In April of 1889, the Montreal Daily Star featured a number of advertisements and articles discussing the celebration of St George’s Day in the city, or more particularly, the lack thereof. In what can only be described as a campaign for St George’s Day, the newspaper offered its readers the opportunity to commemorate their English identity, and to drum up readership.
St George’s Day had been celebrated in Montreal since 1808, and regularly since 1835, with the creation of the St George’s Society. The society, however, seems to have been less able or willing to create lavish celebrations in the 1880s, generally only holding its annual church service at a local Anglican church. To fill in the void, the paper decided to provide roses for those who wanted them on St George’s Day:
‘Next Tuesday will be St George’s Day. In view of the very quiet and undemonstrative way in which Englishmen celebrate the day it might be expected that every Englishman and every English woman, every English boy, and every English girl would wear England’s emblem. Unfortunately they cannot always get roses for the occasion. The supply is often limited, and many have to go without. Just to show how many Englishmen and their descendants there are who are proud of the right little, tight little island, the Star has secured thousands of beautiful roses to give away for button hole bouquets on St George’s Day to everybody who wants one.’ [Montreal Daily Star, 20 April 1889, p. 8]
All the English in Montreal were thus urged to proclaim their heritage by wearing a rose on the day, especially as ‘there will be no special celebration . . . St George’s Day.’ [Montreal Daily Star, 22 April 1889, p. 3] But why choose a rose campaign to press for the expression of English identity, and not organise an event along the lines of those celebrated in years past: a parade, a concert, a banquet, a ball? Such things could likely have cost about the same as providing free out-of-season roses for all who ask. The Star was unclear about why it chose to use the rose. But they were explicit about what it meant to be English, and the importance that they attached to the symbol of the rose.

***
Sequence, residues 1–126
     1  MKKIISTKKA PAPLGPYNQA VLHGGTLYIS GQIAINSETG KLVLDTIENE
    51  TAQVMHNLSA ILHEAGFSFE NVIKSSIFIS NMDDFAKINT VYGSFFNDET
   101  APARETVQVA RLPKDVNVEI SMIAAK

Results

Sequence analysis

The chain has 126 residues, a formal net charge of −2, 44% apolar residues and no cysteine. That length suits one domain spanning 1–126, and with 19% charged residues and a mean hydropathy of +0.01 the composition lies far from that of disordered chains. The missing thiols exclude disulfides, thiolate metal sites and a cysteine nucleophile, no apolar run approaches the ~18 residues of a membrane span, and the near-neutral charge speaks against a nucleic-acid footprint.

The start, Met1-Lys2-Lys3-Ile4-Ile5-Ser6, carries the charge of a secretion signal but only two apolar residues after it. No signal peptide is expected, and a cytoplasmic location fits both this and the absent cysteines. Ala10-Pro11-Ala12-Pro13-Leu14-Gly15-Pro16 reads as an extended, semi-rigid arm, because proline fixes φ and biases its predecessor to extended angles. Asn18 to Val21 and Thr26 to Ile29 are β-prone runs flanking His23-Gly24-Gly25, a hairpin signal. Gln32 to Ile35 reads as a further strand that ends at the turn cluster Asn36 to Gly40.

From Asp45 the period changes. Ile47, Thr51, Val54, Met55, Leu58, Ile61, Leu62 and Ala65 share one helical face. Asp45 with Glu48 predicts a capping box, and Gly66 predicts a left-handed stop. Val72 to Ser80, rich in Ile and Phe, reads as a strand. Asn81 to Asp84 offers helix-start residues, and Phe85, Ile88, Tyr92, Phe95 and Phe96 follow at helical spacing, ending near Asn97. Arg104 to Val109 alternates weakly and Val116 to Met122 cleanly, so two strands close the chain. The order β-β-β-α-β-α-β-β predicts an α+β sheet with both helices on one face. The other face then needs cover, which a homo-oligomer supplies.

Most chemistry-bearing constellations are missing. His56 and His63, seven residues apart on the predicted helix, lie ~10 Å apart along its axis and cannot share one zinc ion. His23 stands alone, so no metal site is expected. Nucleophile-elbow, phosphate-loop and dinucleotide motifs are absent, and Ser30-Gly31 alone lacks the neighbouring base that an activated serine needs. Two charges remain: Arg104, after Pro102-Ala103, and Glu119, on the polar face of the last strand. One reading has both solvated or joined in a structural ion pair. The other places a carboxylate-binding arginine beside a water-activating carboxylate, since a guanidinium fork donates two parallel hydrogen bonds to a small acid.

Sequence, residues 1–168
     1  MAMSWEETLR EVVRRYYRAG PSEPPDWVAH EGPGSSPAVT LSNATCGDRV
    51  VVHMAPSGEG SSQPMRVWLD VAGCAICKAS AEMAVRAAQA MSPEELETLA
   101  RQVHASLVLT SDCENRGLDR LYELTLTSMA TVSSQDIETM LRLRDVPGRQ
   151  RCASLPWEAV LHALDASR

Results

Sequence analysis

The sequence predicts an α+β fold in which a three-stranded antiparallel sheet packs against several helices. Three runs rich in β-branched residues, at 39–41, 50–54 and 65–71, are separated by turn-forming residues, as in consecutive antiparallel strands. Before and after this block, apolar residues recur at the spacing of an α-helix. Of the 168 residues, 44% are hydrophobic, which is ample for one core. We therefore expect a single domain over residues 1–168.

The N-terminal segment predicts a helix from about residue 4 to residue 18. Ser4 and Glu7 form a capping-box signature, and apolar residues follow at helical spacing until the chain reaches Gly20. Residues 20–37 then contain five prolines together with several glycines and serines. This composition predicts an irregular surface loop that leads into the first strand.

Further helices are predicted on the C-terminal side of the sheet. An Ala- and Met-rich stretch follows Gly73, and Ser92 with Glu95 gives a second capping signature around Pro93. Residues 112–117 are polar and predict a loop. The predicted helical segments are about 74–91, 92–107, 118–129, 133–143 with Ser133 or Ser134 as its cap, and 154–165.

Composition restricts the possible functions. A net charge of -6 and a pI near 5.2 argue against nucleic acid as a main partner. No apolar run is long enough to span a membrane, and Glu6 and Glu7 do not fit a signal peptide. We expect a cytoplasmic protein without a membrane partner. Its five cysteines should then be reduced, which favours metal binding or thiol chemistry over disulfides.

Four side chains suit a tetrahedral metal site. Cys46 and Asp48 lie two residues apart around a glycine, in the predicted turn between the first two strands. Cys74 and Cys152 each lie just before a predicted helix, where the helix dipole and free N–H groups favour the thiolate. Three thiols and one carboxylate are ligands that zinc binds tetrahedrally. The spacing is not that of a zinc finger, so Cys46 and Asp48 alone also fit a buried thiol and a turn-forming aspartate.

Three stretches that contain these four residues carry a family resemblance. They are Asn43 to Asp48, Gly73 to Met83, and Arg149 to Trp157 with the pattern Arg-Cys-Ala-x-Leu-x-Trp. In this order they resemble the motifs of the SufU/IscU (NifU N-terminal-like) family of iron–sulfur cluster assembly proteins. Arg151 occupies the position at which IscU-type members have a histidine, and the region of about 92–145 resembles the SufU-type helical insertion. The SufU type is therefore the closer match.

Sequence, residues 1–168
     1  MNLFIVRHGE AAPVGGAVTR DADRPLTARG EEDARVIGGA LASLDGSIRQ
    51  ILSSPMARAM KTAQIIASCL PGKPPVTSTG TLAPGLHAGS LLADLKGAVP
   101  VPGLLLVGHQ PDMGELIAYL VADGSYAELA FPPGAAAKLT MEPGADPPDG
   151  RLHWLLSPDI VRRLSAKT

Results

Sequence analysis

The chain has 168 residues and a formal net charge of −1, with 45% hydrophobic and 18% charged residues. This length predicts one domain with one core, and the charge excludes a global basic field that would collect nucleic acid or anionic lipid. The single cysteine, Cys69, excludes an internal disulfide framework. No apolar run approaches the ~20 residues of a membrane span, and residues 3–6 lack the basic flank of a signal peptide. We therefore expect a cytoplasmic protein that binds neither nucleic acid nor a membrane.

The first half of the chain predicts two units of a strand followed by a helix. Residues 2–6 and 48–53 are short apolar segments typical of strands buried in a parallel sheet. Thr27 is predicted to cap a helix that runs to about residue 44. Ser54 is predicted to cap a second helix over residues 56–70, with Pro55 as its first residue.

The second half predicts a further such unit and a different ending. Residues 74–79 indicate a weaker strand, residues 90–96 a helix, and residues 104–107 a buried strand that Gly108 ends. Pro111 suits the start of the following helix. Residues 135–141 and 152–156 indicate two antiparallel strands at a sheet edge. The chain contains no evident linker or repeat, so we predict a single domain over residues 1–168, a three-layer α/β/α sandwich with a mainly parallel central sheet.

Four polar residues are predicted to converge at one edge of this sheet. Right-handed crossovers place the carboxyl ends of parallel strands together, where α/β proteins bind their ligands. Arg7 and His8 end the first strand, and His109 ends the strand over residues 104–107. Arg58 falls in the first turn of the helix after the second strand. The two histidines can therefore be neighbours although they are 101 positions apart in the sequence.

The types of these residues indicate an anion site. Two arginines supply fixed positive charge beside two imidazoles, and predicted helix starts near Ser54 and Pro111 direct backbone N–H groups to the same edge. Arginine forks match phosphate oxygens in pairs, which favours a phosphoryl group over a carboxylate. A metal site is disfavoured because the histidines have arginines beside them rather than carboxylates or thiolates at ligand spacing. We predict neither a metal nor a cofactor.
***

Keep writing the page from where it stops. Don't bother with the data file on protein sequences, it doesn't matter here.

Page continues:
‘The Scot is proud of his native heather, and a sprig of Shamrock or a leaf of Irish ivy moves the hearts of the Green Isle, but both alike may think of the share they have had in helping on the march of events which we specially celebrate on St George’s Day. But, after all, we cannot forget that had it not been for the men of the Rose, the descendants of the bold followers of the conquerors of Britain and the makers of England, the Empire of which we are citizens would never have risen from its cradle and grown to the dimensions of to-day.’ [Montreal Daily Star, 23 April 1889, p. 2]
The wearing of the rose was framed as being a part of a national duty: ‘England expects every man, woman and child of English descent to wear a rose.’ [Montreal Daily Star, 22 April 1889, p. 3]. To wear the rose, the person acknowledged their pride in their heritage, their pride in being a part of Canada, and ultimately a part of the British Empire. ‘England expects to-day every one of her sons to do his duty and that being done, religiously and politically, though the England of to-day is not bounded by the same limits as she was when her great national poet penned his burning words, they will apply to that extended England of to-day with as much force as to the more limited power of three centuries ago.’ [Montreal Daily Star, 23 April 1889, p. 2]
The paper did not report on the success (or failure) of the rose-wearing campaign in its following issues, so it is unclear as to whether or not Montreal’s English took up the offer of free roses. But it is most likely that the city’s English population did wear roses in honour of their English heritage, on St George’s day. A few years later Allan’s, a retailer in the city, offered for sale roses to be worn on the occasion.